One of the real joys of parenting is sharing memories of your childhood with your kids. Whether it’s reading a classic like Goodnight Moon or relaxing with a movie like Willy Wonka and the Chocolate Factory, these are truly touching moments. However, certain classic films have been withheld from the public over the years, making it pretty tough for parents to recreate some childhood memories.
The Wizard of Oz, Star Wars and Back to the Future have all been locked away at one point or another. And while they all are available for purchase right now, there are dozens others you can’t find anywhere. Many of these are Disney classics, including Peter Pan, Bambi, Lady and the Tramp, Dumbo, Old Yeller and my current source of frustration, Tron.
With Tron:Legacy on the horizon, wouldn’t it make sense to release the original to stir up excitement and re-familiarize us all with the exploits of Flynn, the users and MCP? But the movie’s unavailable to buy and there’s no hint of a release prior to December’s Legacy opening date.
Sure, I could pick up a copy from an Amazon merchant, but prices range from $35 to $150 — far more than the retail price the last time the movie was released. eBay isn’t much better and often includes illegally copied, poor quality disks or imported knockoffs. Tron has been at the top of my Netflix queue for months now, but it’s always out when I return a DVD.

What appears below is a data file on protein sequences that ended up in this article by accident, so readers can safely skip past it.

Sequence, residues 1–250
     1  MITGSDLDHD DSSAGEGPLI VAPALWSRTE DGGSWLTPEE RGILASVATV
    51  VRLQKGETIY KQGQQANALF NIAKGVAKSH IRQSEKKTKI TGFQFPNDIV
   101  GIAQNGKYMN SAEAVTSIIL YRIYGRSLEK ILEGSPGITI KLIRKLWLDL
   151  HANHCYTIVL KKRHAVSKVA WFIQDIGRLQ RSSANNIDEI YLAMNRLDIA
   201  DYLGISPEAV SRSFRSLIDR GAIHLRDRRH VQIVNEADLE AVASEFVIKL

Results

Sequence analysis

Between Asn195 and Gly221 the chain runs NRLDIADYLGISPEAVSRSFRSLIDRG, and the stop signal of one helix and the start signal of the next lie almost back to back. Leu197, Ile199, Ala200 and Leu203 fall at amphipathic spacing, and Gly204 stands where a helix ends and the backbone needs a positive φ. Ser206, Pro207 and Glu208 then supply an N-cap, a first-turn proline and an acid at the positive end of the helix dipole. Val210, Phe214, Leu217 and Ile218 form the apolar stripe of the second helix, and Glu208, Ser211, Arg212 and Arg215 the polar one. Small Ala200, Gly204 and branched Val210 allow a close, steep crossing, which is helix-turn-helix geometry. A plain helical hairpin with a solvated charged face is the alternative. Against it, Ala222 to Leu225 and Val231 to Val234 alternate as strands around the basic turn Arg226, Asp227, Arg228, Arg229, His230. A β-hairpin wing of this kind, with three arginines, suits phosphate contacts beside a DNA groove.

I understand the various studios’ moratoriums. Artificial scarcity creates demand, lines at retailers and a potential boatload of sales once a title is finally released. Disney goes so far as to say that keeping films in the Disney Vault keeps films fresh for a generation of kids, which I suppose it does, but it also excludes kids from seeing classic movies.
Some films have seen a gap of as long as seven years between releases. The time schedule is much shorter now, as brief as 24 months when a DVD can’t be purchased. This might not seem like much, but ask any parent the difference between a 6 year old’s and an 8 year old’s tastes and the answer is simple: huge. I know my kids have missed out on more than one Disney classic, simply because we couldn’t find a copy in the limited window when they were interested in those stories.
In a sense, moratoriums that studios like Disney and others use made sense when the market was dominated by physical products – tapes and disks. But now that so much media has gone digital and is available on-demand, this practice stands out as antiquated, in addition to being annoying. But as long as people queue up on release day, expect nothing to change. Just don’t expect to see me.